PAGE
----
complicated story. not sure if it comes through. this definitely needs work, but i havent posted anything in awhile. im not even sure this is a poem, but it was written with the intention of being one.

i feel like it needs a paragraph before the last one, but i dont want to overexplain myself and make it any more prose-y than it is.  i dunno.

its about my old girlfriend who told me her dad beat her. turns out he didnt.

22 Dec 08

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essay, but for what? maybe a college entrance exam. why is this posted here?
 — geckodrome

you could turn it into a poem!!
very easily.
 — 1994

a lighthearted attempt
to spread cheer with a rhyme
is sabotaged by miseries
most of the times
with good posts arriving
just one in the three
by satanists who post
accordingly, see:-
"well, he may be an alcoholic, but he never laid a hand on me".
 — unknown

does it read like an essay? i had poetic aspirations.
my trouble, i guess, is i'm not really sure what makes a poem a Poem. and if the way i arrange my thoughts aren't poems then i'm not quite sure how to classify them.

i feel like in order to make this a poem and not prose i'd need more metaphor and less words? more structure? poems don't have paragraphs, right? i haven't any idea, but i do know i have trouble with it, haha.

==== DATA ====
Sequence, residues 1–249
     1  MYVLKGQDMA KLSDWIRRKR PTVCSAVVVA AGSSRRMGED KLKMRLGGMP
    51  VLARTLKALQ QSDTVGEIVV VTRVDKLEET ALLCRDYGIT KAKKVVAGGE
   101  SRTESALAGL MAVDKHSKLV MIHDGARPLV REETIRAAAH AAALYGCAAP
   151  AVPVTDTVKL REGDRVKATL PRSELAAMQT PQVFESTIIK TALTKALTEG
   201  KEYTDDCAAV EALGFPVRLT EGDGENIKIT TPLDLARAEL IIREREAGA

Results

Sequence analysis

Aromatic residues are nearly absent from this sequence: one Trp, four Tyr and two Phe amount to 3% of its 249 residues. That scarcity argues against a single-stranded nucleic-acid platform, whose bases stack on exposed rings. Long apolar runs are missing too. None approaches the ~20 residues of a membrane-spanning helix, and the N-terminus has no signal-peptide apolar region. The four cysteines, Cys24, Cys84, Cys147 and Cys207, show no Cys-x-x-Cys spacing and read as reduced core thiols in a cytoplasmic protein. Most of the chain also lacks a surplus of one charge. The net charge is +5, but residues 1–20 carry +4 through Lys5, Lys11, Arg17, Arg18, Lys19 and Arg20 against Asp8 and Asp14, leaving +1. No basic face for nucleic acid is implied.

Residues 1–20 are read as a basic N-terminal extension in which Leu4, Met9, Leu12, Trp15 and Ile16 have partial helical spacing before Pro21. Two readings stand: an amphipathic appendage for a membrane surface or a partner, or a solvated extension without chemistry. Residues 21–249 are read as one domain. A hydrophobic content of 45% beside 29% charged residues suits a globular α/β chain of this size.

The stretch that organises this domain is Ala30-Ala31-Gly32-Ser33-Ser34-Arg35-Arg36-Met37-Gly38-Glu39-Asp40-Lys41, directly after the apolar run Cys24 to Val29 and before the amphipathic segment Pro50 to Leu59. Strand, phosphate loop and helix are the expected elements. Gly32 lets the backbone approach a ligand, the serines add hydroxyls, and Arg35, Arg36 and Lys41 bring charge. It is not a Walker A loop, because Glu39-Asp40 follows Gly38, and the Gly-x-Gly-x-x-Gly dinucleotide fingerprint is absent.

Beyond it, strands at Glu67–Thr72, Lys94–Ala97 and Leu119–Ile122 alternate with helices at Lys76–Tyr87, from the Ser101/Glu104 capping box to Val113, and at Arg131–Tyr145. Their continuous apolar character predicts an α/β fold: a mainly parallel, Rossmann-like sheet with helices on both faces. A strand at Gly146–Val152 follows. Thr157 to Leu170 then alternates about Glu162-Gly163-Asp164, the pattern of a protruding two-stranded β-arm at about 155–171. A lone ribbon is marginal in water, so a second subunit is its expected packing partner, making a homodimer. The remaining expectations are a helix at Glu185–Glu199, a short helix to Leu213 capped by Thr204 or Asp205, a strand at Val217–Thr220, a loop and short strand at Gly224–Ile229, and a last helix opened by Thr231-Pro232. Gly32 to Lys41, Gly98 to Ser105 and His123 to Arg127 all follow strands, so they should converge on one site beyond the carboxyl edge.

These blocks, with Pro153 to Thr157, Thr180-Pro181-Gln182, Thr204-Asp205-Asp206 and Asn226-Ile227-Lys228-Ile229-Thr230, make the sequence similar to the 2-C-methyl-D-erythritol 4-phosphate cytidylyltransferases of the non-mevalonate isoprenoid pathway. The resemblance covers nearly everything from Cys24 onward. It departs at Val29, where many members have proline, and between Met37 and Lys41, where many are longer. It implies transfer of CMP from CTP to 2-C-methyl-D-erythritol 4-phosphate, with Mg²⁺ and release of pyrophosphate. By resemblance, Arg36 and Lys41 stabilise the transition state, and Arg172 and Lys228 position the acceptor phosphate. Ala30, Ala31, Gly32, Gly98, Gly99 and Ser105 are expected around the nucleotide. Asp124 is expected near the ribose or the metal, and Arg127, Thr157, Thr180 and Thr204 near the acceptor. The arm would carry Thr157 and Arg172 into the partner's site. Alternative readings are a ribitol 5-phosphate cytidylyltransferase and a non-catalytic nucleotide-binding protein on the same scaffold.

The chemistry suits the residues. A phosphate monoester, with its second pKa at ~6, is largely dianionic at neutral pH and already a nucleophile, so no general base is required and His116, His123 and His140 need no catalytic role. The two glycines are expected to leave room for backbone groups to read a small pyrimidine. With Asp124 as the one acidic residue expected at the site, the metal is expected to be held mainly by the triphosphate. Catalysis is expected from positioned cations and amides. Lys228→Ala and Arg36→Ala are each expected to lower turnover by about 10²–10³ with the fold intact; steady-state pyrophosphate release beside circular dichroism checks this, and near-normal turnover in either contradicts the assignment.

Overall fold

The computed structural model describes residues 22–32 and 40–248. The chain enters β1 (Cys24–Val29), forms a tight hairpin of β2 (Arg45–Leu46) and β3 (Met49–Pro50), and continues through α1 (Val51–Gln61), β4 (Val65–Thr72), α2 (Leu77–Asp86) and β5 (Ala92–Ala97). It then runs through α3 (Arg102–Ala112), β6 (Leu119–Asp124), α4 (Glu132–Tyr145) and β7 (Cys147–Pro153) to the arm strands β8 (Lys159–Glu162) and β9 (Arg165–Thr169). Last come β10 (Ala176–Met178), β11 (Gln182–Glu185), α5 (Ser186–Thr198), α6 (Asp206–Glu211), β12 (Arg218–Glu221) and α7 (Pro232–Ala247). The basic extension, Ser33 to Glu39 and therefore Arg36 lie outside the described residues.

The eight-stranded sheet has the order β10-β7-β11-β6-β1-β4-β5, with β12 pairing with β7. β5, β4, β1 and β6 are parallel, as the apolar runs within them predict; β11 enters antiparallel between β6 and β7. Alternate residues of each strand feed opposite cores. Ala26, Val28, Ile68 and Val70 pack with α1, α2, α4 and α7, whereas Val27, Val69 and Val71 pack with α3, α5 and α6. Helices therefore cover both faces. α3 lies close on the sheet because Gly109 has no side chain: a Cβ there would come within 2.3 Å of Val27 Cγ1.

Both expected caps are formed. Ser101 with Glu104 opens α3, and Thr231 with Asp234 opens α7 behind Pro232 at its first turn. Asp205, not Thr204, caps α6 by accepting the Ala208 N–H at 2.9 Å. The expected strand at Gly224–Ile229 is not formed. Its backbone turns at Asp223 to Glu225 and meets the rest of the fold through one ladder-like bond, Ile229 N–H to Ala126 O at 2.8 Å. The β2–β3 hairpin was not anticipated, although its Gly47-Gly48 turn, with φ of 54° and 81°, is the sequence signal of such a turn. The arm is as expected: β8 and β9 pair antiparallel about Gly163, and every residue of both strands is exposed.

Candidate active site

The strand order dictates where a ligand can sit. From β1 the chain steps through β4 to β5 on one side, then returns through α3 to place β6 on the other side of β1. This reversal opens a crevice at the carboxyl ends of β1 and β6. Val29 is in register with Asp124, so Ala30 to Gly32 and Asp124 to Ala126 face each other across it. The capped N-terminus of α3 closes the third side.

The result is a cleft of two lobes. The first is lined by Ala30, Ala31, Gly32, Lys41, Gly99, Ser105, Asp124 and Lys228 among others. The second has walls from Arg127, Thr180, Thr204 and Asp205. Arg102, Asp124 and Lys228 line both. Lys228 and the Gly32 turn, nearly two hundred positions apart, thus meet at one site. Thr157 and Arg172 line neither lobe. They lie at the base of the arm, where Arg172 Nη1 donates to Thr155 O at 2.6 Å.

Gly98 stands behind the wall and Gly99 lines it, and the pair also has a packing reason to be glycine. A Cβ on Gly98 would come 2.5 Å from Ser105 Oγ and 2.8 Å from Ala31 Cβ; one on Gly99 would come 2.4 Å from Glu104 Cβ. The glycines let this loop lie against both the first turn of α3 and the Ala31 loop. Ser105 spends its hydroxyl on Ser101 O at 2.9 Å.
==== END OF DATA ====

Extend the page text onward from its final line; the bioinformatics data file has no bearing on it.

and it's posted here in hopes of getting constructive criticism on it, and maybe suggestions on how to write poetry instead of just word vomit.
 — wemsntdspair

i suggest you write the word vomit with a swizzle stick of despair and an olive.
 — unknown

poetry is less wordy and more structured, as you said.
find the points you think are most necessary
and write them simply.
 — 1994

.....was i just refered to as a satanist?
i'm sorry, unk, your comment was cute but i don't understand it.
 — wemsntdspair

thank you  1994. i wasnt sure, and appreciate the comment. i'm in the middle of trying to rework this. you pinpointed my exact problem with your suggestion; i have trouble determining what's most important, or necessary. i'll edit and repost when i figure that out.
thanks again.
 — wemsntdspair

not a problem at all.
 — 1994